For three-and-a-half decades, few in the general public knew the name Dr. Anthony Fauci. Since 1984, he’s been the director of the National Institute of Allergy and Infectious Diseases, a post he’s led mostly quietly. But during the pandemic he’s became a household name. Now, though (or in another two-and-a-half years), his tenure will be coming to an end.
In a new interview with Politico, Dr. Fauci, who is now 81, has announced he will (probably) retire at the end of President Joe Biden’s first term. He didn’t announce a specific retirement date, something he said he’s long been wary of doing. But he would say that by the end of January 2025, he will “very likely” throw in the towel he’s carried since the Reagan administration.
At the same time, Dr. Fauci said he expected to stay in government until COVID-19 is eradicated. He also noted that he thinks we’re “going to be living with this” for quite some time.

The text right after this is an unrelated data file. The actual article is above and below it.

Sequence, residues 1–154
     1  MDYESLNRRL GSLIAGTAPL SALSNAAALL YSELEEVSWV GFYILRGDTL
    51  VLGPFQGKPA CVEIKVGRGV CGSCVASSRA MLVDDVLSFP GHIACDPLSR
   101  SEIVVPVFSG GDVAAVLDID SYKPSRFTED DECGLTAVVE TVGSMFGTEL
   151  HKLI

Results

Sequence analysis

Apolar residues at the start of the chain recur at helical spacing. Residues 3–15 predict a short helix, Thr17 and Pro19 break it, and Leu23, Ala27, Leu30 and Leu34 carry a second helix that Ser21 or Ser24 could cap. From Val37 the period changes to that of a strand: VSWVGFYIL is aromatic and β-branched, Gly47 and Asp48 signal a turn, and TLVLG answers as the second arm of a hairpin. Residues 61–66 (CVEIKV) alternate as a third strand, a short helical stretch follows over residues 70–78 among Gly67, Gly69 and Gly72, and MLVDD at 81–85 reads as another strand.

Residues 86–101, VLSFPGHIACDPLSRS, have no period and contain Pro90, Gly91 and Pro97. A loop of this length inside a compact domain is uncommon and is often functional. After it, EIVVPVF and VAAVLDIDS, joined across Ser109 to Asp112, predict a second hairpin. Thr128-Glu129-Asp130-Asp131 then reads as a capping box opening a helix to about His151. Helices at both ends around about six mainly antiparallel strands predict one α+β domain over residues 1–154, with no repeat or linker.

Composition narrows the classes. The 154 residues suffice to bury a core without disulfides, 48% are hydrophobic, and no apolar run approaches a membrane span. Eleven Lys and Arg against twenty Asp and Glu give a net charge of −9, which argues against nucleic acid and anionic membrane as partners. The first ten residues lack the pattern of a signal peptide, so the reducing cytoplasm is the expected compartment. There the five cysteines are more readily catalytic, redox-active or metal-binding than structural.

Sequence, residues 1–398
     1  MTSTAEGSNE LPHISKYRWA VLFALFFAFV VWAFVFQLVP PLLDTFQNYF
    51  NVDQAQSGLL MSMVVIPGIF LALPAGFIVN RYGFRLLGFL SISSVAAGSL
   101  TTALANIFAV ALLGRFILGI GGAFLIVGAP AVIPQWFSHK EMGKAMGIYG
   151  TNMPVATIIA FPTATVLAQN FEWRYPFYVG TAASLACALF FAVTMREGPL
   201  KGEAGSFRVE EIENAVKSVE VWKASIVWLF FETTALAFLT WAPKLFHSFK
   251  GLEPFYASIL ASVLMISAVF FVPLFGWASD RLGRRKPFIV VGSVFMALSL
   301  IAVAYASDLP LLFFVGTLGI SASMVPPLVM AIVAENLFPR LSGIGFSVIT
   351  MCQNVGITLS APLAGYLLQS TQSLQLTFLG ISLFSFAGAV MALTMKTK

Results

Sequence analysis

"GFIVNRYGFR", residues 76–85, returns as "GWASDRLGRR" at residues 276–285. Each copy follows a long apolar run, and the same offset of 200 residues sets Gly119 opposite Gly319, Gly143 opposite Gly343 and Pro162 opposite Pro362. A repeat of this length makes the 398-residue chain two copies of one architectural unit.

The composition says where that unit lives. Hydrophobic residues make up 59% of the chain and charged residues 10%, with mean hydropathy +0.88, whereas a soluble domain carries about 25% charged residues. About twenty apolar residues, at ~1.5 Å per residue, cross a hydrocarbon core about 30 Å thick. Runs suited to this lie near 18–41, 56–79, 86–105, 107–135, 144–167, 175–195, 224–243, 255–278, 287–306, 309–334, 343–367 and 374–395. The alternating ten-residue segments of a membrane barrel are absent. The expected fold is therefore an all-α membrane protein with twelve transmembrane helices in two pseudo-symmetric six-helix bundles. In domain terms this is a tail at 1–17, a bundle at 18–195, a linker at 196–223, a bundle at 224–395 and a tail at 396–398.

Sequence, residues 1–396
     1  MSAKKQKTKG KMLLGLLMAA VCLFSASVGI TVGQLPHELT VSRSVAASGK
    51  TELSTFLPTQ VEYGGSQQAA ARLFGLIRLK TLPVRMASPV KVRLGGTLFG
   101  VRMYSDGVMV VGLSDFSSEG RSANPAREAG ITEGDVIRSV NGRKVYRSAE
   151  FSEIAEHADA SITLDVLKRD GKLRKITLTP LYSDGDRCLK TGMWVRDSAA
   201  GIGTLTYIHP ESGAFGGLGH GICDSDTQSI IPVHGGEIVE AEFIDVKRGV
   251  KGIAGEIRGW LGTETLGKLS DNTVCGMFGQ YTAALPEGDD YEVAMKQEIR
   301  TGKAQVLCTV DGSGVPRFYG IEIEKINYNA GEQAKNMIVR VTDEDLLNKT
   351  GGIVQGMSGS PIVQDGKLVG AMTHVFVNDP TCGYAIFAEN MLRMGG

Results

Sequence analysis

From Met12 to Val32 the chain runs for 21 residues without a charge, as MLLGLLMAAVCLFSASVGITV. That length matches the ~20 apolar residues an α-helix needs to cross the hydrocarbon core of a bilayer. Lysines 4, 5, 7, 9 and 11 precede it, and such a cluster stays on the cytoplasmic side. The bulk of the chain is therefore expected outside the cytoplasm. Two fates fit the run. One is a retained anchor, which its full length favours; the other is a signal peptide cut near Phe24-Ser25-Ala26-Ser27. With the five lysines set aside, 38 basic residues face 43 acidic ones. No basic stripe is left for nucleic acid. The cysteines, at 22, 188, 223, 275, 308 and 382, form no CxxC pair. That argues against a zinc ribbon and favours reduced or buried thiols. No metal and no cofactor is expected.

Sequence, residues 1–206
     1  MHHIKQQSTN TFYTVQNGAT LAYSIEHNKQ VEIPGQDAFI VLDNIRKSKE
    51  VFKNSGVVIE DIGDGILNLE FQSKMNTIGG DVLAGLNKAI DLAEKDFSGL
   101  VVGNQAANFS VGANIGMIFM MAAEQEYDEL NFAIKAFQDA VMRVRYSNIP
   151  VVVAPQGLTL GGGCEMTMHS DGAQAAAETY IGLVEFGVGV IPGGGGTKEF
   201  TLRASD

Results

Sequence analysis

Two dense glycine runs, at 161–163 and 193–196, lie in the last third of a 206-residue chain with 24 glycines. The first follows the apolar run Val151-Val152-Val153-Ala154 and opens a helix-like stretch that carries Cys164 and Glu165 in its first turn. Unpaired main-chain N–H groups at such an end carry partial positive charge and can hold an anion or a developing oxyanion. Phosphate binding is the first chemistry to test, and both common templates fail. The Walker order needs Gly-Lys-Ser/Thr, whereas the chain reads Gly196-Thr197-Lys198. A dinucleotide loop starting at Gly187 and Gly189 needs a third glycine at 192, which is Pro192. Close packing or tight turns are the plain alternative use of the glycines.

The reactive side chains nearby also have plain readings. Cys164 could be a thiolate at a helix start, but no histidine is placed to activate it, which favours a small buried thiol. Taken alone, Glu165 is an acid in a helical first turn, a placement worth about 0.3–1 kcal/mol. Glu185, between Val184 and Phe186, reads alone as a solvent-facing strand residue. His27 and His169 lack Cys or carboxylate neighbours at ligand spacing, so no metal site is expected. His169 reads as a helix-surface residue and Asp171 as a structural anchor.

Dr. Fauci later clarified — sort of — his statement to CNN, saying that “it is extremely unlikely — in fact, for sure — that I am not going to be here beyond January 2025.” (It’s still kind of confusing, but then, these are confusing times.)
The divisive response to Dr. Fauci’s handling of the pandemic reflects a nation sharply divided. To that wanted to stay safe amidst a highly infectious and deadly disease, he was admired for trying to keep us all safe. To those skeptical of a virus that has now killed over a million Americans (to say nothing of worldwide), he was (nonsensically) a monster.
Either way, should he indeed leave in early 2025, you know what that means: No more having to sit on Capitol Hill and testily squabble with perhaps his greatest nemesis, Rand Paul, an ophthalmologist who seems to think he knows more about diseases than an immunologist. If you had to talk to someone named after the author of Atlas Shrugged (much less deal with bizarre misinformation recklessly spread by pop stars), you’d announce your retirement, too.
(Via Politico and CNN)